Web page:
VMware posted strong financial results yesterday, despite the weak economy and increased competition from Microsoft.
The virtualization market leader took in $472 million in its third quarter — a 32% increase over last year and more than Wall Street expected. Ashlee Vance of The New York Times says VMware has a leg up when the economy is down, because virtualization helps customers cut their hardware and energy costs. But could that also be good news for Microsoft and its competing hypervisor, Hyper-V?
VMware CEO Paul Maritz says no. He told investors yesterday that Microsoft is still far behind VMware, and customers that compare the two overwhelmingly choose VMware, according to eWeek.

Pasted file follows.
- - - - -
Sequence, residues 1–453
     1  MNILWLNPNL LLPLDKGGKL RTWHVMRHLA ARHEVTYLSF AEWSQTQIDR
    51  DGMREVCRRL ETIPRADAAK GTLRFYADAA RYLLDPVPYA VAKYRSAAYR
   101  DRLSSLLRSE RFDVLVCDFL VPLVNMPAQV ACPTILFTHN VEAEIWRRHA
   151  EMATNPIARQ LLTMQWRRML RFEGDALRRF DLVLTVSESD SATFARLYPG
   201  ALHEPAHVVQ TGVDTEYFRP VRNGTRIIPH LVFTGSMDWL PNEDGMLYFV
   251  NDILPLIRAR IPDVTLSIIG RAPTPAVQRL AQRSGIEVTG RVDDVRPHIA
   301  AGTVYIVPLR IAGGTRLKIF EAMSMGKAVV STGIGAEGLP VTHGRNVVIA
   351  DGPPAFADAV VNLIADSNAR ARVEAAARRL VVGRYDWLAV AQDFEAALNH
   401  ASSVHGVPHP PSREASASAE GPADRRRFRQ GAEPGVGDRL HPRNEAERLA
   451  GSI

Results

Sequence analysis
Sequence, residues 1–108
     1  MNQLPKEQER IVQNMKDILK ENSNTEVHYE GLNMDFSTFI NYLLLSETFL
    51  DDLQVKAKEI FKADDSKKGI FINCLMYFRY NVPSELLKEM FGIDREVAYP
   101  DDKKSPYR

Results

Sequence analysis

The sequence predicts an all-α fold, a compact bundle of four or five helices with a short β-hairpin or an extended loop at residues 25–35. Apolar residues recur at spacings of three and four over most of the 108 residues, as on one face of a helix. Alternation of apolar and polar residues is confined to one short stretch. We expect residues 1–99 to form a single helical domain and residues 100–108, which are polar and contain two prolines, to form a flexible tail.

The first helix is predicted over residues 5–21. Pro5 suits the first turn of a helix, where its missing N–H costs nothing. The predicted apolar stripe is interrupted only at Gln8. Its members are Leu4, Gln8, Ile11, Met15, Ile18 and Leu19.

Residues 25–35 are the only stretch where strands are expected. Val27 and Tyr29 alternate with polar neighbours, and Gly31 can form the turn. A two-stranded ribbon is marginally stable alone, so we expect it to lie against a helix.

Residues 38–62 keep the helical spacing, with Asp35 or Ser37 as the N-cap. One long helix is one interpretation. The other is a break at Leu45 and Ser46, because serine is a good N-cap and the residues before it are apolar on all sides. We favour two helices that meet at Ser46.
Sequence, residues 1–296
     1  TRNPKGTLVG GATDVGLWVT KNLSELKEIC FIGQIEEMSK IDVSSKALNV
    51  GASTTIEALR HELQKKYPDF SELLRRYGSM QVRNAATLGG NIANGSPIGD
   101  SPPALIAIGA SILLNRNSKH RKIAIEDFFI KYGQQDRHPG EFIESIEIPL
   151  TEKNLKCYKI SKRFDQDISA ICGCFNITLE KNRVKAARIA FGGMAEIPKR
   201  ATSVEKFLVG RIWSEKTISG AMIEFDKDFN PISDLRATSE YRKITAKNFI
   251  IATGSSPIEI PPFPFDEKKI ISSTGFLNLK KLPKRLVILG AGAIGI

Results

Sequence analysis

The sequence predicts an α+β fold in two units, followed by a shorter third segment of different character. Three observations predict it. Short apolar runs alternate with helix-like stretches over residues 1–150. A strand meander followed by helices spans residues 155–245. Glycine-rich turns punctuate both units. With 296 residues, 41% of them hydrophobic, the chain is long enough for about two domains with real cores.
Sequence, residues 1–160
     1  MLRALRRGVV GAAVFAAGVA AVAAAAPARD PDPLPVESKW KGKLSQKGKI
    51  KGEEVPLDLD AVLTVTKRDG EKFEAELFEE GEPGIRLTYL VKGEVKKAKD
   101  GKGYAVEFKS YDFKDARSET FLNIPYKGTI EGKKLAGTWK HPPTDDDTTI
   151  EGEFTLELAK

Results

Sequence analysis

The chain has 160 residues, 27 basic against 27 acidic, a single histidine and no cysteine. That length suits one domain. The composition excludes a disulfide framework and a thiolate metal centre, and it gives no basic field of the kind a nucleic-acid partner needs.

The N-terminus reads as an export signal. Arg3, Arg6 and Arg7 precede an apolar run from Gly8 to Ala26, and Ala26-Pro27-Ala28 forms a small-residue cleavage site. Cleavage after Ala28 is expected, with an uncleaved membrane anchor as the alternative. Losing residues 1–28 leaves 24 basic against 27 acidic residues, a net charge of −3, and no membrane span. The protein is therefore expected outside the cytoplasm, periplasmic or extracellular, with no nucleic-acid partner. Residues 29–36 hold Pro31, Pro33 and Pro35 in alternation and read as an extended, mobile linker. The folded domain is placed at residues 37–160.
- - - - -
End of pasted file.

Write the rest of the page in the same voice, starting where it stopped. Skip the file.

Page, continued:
The numbers, however, tell a different story. IDC recently reported that Microsoft took 23% of the market for new virtualization licenses in Hyper-V’s first quarter of general availability. And interest in VMware’s enterprise license agreements, which let customers deploy unlimited VMware licenses, is plummeting, according to our sister blog at SearchServerVirtualization.com.
Clearly the overall financial picture at VMware is still positive. But Maritz’s dismissal of Microsoft is premature. In this economy, it appears there’s enough room for at least two vendors — and their channel partners — to make good money in virtualization.